Directed by: Simon Wells, Gore Verbinski
Starring: Guy Pearce, Samantha Mumba, Jeremy Irons, Orlando Jones, Mark Addy
This latest attempt to translate H.G. Wells' novel, The Time Machine, to the movies isn't bad, but then again, it isn't really all that good either -- meaning that 2002 is still shaping up as the year of indifferent movies. It's unlikely that this effort will ever reach the quasi-classic status of the 1960 George Pal version, despite the fact that it's better and more convincingly made. The reason for that is a little vague perhaps, but it may just be that it's precisely the fact that this one is better made and more convincing, thereby lacking the quaint charm of the earlier version. The plot remains the same -- more or less -- with inventor Alexander Hartdegen (Guy Pearce, Memento) creating a machine that allows him to travel in time, ultimately propelling him 800,000 years into the future. Actually, the film starts off well with Hartdegen -- presented as a love-struck visionary, very much along the lines of Fredric March's Dr. Jekyll in Rouben Mamoulian's 1931 Dr. Jekyll and Mr. Hyde -- creating his machine in order to travel back in time to prevent the murder of his fiancee (Sienna Guillory) on the night of their engagement. The flaw in his concept is that even though he can go back, he can't prevent her death ("I could go back a thousand times and watch her die a thousand different ways"), so he ventures into the future in an attempt to find out why he can't effect the past, only to ultimately end up in the very distant future after the human race has split into two groups -- the Eloi and the Morlocks. And it's predictably right here that the movie gets into trouble. The Eloi (altered from the blue-eyed blondes of the Pal film to a dark-skinned race) live in the sunlight, while the Morlocks live in a subterranean world. Said Morlocks work at some kind of mining/smelting operation that looks like it's out of a bad production of Wagner's Ring cycle. They also hunt the Eloi for use as boxed lunches. This could be terrifying stuff -- and Hartdegen's discovery of the Morlock "butcher shop" is pretty damn creepy -- but it's lost in a sea of so-so CGI monsters who appear to have escaped from a video game ... and not a terribly impressive one. The Eloi are more believable -- but not much more exciting -- living in hanging-basket houses that would warm the heart of an avid Pier One shopper, while mindlessly waiting to be Morlock meat. (It's interesting to note that 800,000 years from now, a nice dried floral arrangement counts for much in the realm of decor. Martha Stewart would be proud.) This doesn't even take into account the incomprehensible change of Hartdegen from a wide-eyed innocent with his mouth perpetually agape at everything he sees to a tight-lipped action hero. Probably, it doesn't much matter. The Time Machine's strong points -- and there are a few -- don't have much to do with narrative logic. The film picks up speed and interest considerably upon the long-awaited appearance of Jeremy Irons as the Uber Morlock. Painted white with long white hair -- and looking for all the world like a badly aged Edgar Winter -- Irons is a preposterously hammy delight, coping gamely with pages of dialogue that attempt to explain the whole movie (including why Hartdegen can't alter the past.) He alone seems to realize that he's in a wooly-headed sci-fi flick and plays it accordingly. Orlando Jones is also good as a computer-generated librarian who remembers everything and is the repository of the contents of every book ever written (the last book he recommended as a functional librarian has special relevance to local audiences). When Jones starts singing selections from a make-believe Andrew Lloyd Webber musical version of H.G. Wells' The Time Machine and turns himself into his own backing chorus, the film seems witty and neatly self-mocking, but the idea never goes beyond a mere touch. Several things about The Time Machine are perplexing in this manner. Why does Alan Young (yes, the Alan Young from Mr. Ed) -- a survivor from the cast of the 1960 version -- receive screen billing for a cameo bit as a florist with four words of dialogue and maybe 10 seconds of screen time? Was there originally more to his role? We know that director Simon Wells (great grandson of H.G. Wells) was replaced for 18 days of shooting by Gore Verbinski, but Wells strangely receives solo directorial credit. Why? The list could go on. The best that can be said of The Time Machine is that it's not horrible, boasts a nice first half, has a handful of clever touches and a great scenery-chewing villain. Whether or not that's enough reason to see it is a matter of individual taste.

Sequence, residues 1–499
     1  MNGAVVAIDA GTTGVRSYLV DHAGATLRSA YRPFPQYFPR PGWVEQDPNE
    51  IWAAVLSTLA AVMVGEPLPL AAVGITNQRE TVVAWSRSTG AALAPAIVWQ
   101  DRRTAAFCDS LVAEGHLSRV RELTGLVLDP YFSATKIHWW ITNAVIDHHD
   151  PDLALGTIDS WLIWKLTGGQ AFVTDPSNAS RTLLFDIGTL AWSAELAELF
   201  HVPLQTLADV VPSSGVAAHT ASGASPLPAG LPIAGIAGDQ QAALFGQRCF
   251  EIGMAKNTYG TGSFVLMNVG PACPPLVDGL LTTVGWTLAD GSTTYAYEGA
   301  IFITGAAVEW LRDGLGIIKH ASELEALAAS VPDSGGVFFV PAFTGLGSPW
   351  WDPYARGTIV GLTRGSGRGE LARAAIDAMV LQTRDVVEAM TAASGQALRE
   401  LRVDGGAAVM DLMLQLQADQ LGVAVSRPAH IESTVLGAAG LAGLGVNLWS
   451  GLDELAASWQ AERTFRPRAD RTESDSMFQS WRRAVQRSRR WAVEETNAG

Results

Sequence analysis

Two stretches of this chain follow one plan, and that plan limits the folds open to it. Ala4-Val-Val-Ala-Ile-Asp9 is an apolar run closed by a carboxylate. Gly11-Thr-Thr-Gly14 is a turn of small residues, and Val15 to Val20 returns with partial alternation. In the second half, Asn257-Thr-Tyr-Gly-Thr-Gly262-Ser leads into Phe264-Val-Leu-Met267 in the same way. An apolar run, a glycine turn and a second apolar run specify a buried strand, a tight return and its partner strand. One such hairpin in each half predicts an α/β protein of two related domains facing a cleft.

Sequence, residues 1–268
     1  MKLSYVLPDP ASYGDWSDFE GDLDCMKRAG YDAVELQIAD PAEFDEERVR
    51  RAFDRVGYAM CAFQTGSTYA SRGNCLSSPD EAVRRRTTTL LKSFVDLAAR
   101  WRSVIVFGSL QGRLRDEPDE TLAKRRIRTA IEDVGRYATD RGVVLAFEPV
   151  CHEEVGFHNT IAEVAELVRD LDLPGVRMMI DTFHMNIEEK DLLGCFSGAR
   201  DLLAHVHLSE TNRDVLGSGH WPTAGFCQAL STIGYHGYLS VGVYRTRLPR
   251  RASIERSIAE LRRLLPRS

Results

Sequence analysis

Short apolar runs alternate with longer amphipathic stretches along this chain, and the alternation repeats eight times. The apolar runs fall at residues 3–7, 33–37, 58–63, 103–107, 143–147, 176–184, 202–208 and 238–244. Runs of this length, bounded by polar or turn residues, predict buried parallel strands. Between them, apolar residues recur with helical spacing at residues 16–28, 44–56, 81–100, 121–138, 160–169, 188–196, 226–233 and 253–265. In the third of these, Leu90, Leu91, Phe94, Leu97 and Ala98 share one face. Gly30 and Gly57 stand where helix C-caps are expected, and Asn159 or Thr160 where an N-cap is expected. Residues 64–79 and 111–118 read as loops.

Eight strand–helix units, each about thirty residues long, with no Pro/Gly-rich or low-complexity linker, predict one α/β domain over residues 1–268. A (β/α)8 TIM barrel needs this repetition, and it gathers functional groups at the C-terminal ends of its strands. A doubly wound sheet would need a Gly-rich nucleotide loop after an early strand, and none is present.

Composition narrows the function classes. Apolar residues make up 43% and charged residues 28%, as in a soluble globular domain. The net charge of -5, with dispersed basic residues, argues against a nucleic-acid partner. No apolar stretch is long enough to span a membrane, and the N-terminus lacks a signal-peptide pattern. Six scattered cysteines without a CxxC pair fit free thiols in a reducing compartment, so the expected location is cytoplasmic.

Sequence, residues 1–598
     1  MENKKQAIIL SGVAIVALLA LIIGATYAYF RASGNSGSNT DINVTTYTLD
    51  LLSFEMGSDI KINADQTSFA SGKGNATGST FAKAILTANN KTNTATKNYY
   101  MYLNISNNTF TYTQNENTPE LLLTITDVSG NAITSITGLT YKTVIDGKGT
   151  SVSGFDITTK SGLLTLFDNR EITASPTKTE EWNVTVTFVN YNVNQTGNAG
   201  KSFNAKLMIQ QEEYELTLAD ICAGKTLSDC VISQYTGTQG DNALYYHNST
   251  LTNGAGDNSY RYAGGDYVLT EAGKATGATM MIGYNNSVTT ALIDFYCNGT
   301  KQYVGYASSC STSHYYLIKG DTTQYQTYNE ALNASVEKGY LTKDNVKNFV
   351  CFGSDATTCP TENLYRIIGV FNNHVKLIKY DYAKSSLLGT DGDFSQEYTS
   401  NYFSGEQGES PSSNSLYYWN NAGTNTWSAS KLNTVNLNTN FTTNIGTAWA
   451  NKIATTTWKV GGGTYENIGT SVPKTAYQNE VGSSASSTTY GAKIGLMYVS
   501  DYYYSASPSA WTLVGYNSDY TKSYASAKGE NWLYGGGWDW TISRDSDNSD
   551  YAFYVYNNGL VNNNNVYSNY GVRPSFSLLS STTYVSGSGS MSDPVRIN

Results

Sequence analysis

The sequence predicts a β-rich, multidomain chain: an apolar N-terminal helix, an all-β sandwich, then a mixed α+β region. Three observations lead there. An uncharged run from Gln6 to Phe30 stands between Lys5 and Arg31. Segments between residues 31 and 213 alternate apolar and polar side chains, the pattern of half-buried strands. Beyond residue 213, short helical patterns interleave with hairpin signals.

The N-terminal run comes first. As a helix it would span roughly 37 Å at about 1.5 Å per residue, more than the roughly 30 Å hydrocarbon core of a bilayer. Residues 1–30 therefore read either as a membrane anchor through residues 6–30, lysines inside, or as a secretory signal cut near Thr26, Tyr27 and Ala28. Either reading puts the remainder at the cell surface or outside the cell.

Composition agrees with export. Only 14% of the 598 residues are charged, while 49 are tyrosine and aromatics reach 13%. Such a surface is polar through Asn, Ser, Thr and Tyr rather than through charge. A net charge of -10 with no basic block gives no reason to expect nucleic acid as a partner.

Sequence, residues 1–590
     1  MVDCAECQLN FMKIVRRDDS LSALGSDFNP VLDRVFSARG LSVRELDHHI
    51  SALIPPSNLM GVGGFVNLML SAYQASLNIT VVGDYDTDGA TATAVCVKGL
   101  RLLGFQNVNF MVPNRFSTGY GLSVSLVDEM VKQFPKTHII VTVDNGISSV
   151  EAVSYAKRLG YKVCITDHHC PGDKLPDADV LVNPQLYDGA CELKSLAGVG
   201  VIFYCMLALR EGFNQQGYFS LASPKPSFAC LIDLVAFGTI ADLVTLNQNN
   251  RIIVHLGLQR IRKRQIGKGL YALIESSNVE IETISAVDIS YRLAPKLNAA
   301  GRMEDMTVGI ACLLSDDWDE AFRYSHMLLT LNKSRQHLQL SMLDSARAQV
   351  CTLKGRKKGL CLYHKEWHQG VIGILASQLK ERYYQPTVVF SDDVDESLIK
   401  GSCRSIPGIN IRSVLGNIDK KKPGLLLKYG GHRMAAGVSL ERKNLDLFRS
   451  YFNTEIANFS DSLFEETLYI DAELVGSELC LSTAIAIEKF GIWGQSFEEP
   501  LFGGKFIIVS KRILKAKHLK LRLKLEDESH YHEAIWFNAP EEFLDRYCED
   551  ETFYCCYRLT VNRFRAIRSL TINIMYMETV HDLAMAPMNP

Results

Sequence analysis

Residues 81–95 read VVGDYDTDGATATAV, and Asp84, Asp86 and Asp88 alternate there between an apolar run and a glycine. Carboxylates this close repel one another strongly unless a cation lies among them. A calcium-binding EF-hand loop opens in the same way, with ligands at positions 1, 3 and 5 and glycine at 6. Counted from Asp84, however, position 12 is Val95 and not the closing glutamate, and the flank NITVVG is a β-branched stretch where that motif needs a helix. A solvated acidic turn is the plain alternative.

-- reviewed by Ken Hanke